Member States face challenges in effectively preserving and sharing information collected from the battlefield. The collection of information by military personnel could serve as evidence for criminal prosecution and is crucial in bringing perpetrators of terrorist offences to justice.
However, this can only be done successfully if the process of information collection is done in line with national legislation and international rule of law standards.
In January 2021, UNODC’s Terrorism Prevention Branch (UNODC/TPB), in close coordination and consultation with Burkinabe authorities, launched a project on facilitating the use and admissibility as evidence of information collected by the military from the battlefield. The objective of which is to strengthen coordination and cooperation between the military and other criminal justice actors in the collection of battlefield evidence.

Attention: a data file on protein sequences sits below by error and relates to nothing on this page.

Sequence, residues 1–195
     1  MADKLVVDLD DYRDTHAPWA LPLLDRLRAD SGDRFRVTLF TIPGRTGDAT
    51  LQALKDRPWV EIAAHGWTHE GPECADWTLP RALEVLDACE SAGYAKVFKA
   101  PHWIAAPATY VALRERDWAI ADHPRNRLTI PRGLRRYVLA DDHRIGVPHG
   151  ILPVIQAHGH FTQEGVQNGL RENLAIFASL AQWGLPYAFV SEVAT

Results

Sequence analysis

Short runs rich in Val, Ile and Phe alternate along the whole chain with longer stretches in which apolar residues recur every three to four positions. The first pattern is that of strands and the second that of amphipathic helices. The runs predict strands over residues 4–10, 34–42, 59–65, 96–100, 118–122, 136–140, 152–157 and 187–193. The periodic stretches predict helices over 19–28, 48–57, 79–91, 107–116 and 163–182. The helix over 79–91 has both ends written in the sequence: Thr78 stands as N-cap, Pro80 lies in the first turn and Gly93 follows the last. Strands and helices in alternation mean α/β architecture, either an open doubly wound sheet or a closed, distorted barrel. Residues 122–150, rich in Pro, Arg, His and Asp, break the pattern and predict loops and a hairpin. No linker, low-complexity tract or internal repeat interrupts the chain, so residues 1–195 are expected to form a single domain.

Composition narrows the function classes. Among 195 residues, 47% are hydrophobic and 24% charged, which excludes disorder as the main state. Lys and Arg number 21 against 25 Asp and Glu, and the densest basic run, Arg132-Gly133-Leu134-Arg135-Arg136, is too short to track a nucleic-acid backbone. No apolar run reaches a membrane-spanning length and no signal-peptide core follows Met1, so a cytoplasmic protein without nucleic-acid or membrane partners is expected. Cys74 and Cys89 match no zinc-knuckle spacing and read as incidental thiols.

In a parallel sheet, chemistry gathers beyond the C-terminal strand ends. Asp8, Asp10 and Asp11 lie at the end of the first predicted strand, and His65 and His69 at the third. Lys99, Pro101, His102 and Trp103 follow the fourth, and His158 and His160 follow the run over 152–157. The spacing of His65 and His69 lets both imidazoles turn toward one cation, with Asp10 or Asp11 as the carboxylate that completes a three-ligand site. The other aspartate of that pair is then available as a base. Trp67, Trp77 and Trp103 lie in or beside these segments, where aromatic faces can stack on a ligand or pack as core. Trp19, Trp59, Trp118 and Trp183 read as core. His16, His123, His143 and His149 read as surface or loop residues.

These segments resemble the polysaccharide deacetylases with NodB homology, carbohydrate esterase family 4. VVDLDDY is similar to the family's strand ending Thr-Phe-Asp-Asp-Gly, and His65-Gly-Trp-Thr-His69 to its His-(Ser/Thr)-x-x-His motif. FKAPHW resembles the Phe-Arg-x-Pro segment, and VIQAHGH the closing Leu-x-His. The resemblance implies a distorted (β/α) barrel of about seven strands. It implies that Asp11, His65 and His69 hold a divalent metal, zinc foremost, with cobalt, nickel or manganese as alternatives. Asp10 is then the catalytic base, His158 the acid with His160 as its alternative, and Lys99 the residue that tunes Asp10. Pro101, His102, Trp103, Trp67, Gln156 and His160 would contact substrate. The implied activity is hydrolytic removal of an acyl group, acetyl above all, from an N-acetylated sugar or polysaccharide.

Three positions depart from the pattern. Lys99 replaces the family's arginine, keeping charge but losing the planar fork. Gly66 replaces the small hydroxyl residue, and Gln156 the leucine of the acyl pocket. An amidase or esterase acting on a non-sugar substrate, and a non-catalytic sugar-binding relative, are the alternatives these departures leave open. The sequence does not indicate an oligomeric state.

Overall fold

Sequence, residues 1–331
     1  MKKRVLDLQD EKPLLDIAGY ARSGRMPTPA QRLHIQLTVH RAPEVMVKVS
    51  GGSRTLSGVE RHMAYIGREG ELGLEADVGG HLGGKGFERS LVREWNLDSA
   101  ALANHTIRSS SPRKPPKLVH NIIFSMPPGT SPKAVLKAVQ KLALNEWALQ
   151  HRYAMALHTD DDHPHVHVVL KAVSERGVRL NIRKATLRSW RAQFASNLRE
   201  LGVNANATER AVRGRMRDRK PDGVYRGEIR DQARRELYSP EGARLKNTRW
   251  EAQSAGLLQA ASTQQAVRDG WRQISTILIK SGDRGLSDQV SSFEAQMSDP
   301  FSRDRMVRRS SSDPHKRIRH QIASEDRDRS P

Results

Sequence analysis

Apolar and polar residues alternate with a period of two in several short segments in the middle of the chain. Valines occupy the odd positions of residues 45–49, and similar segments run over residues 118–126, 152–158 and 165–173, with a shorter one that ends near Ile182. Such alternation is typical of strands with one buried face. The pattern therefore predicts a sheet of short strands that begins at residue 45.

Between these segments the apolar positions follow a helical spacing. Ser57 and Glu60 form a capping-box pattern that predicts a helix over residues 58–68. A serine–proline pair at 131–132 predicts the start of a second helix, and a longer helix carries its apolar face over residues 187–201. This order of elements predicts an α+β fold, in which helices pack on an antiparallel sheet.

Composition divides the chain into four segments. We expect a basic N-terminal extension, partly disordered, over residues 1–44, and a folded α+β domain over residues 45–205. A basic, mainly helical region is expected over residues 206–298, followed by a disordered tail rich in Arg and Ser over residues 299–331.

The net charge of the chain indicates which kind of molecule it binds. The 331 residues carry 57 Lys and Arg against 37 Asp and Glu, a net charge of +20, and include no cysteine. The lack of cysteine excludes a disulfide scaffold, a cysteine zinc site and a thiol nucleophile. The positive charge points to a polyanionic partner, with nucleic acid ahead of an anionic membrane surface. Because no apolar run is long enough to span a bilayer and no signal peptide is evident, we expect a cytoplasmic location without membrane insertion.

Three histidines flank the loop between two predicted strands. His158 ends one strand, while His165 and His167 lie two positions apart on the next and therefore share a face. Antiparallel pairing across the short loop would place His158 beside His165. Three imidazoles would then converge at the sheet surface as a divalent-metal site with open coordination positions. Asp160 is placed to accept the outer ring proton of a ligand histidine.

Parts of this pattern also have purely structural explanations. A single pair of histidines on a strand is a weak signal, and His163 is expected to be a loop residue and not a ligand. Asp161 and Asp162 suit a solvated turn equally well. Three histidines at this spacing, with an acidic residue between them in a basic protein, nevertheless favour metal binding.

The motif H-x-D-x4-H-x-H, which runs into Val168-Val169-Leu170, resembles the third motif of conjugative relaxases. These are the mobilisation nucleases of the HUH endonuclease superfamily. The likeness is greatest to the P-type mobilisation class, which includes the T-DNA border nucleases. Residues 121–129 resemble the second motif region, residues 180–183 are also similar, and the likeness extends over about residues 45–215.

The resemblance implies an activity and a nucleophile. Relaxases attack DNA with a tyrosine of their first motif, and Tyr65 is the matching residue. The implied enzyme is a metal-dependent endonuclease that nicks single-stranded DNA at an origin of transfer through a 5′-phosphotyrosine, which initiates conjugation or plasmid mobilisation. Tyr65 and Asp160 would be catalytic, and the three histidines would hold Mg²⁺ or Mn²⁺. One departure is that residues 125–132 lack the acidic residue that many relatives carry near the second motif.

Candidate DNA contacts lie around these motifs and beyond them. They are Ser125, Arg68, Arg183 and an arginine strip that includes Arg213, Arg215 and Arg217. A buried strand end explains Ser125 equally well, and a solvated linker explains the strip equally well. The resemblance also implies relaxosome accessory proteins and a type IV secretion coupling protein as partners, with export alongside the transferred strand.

Under the framework of the project, UNODC/TPB organized a legislative assistance meeting in Ouagadougou on 4-5 May 2021. During the event, the relevant legal framework was analysed to ensure that all procedures conducted by the military when collecting, preserving and sharing battlefield evidence during counter-terrorism operations (as well as cooperating with criminal justice actors) was done in compliance with national legislation and international rule of law standards.
Senior representatives from UNODC, the Italian Ambassador to Burkina Faso and the Secretary-General of the Ministry of Justice delivered remarks during the opening session.
Other participants included national experts representing ministries of defence and security, as well as the Specialized Anti-Terrorism Pole and the Special Counterterrorism Brigade. All of whom engaged with UNODC/TPB’s experts in a thorough examination and analysis of national legislation.
UNODC/TPB continues to deliver various technical assistance activities under the project, including joint training and capacity-building activities of all concerned actors in a practical and interactive environment.
The project is funded by the governments of Belgium and Italy.